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Cluster index: Alex Wong

A Spell to Lure Apollo.

Alex Wong: ‘The story has its setting in a small and moribund German grand-duchy, about to be absorbed into neighbouring territories, at the turn of the eighteenth century. Duke Carl is a bookish aesthete, seduced by the brighter, more humanistic culture of certain less gloomy and more cosmopolitan realms abroad.’

Two poems from ‘Poems without Irony’.

Alex Wong: ‘Like a fanfare of silver harpsichords
The moon was in full cry on the black woods
And rang metallic round our haloed pates.’

Duties of care in the study of literature.

Alex Wong: ‘To be able to enter into an emotional and ideological world not one’s own, and then to be moved by it, to come to respect it, to empathize with that mode of thought and feeling—whether aesthetic, sentimental or moral—must be, I take it, one of the most important processes involved in the study of old books. It is especially important when the book in question at first seems particularly alien. What I am talking about (knowing that I am saying nothing new) might be described as an engaged, humane, historical awareness, the goal being an expansion of sensibility in which process those foreign things (the works of art) are assimilated.’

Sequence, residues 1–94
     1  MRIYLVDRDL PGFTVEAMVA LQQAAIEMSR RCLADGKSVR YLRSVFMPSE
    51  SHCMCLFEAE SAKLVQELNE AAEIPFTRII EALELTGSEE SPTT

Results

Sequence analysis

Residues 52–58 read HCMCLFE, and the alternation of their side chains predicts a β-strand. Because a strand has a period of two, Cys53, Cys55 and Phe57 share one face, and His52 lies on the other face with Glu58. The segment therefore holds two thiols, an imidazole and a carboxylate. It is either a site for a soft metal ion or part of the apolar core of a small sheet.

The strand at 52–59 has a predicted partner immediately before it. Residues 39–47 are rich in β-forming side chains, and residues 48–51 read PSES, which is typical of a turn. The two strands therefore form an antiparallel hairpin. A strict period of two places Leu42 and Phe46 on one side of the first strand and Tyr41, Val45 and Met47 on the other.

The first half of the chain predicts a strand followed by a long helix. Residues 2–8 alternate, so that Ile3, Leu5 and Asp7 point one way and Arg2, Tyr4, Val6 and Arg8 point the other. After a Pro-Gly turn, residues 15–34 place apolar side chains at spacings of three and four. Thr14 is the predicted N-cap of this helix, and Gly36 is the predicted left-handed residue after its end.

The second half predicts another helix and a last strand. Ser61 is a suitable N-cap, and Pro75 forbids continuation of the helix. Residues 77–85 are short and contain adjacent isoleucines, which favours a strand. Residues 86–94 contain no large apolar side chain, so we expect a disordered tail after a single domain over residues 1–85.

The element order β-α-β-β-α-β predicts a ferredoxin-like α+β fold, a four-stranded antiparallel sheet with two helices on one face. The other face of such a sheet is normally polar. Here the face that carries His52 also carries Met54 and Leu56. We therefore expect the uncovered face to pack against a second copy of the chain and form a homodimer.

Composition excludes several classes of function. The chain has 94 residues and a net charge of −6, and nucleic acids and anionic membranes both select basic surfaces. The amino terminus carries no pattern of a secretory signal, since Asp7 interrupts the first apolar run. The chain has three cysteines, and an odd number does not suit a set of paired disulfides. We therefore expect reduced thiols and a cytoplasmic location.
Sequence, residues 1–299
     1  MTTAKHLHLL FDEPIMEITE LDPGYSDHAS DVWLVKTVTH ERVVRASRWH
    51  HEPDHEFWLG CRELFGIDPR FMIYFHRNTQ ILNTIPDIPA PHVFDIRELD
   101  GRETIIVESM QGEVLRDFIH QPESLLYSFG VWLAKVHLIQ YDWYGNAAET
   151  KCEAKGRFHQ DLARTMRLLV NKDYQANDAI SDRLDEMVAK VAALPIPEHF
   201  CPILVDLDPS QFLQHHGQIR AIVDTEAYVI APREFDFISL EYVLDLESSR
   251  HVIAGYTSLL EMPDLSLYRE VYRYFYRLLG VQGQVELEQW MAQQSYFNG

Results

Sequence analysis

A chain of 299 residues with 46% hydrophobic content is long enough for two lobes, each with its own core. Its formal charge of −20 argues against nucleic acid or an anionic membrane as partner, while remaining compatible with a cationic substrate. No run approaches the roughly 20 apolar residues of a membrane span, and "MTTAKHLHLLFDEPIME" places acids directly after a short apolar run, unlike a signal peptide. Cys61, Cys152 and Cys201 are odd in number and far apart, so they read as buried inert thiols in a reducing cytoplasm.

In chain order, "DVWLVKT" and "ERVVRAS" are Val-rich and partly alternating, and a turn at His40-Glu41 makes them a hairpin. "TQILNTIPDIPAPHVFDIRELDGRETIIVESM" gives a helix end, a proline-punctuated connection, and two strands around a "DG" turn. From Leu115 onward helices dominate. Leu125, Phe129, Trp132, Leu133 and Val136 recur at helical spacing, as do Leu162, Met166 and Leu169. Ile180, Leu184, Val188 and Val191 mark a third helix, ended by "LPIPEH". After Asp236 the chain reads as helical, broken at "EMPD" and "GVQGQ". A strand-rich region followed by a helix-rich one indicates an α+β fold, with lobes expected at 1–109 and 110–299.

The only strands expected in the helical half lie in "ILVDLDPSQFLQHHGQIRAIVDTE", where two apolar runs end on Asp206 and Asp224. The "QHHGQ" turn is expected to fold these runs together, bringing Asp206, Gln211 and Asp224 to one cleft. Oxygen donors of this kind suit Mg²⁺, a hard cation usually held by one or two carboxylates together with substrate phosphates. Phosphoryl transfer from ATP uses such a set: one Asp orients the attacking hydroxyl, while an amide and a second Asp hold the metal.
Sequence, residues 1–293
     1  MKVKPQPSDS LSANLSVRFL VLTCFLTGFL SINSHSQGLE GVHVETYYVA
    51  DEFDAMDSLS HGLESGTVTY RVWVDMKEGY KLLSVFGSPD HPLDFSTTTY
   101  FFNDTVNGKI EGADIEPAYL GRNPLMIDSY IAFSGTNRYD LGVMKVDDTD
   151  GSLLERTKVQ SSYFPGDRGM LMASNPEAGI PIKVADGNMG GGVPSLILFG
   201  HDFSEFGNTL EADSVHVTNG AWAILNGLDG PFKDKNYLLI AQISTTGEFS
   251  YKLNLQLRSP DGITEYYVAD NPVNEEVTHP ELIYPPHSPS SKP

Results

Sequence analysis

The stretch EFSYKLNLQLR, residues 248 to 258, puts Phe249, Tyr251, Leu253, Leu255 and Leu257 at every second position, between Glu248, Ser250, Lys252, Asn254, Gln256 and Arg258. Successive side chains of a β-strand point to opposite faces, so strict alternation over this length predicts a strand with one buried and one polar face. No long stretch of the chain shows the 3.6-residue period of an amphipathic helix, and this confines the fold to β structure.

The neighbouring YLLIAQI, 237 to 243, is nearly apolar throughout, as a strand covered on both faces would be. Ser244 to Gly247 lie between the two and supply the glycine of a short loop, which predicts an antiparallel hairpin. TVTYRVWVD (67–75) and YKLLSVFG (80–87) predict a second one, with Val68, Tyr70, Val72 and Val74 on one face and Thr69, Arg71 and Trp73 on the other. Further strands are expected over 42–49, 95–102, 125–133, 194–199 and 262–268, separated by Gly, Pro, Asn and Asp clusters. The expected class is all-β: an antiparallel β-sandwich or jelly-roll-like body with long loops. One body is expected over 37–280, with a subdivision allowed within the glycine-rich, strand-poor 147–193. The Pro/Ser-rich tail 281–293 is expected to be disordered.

The poet as ‘strategic’ ironist.

Alex Wong: ‘I think it is fair to say that postmodern culture has been both good and bad at irony. Some of its most interesting achievements, and some of its most boring symptoms, have been in the realm of irony. Certain ironic effects, certain elements of ironic sensibility, have flourished in genuinely vibrant ways, but the prevalence of low-level irony has reached a dismaying level, and it has offered an excuse for all sorts of dullness.’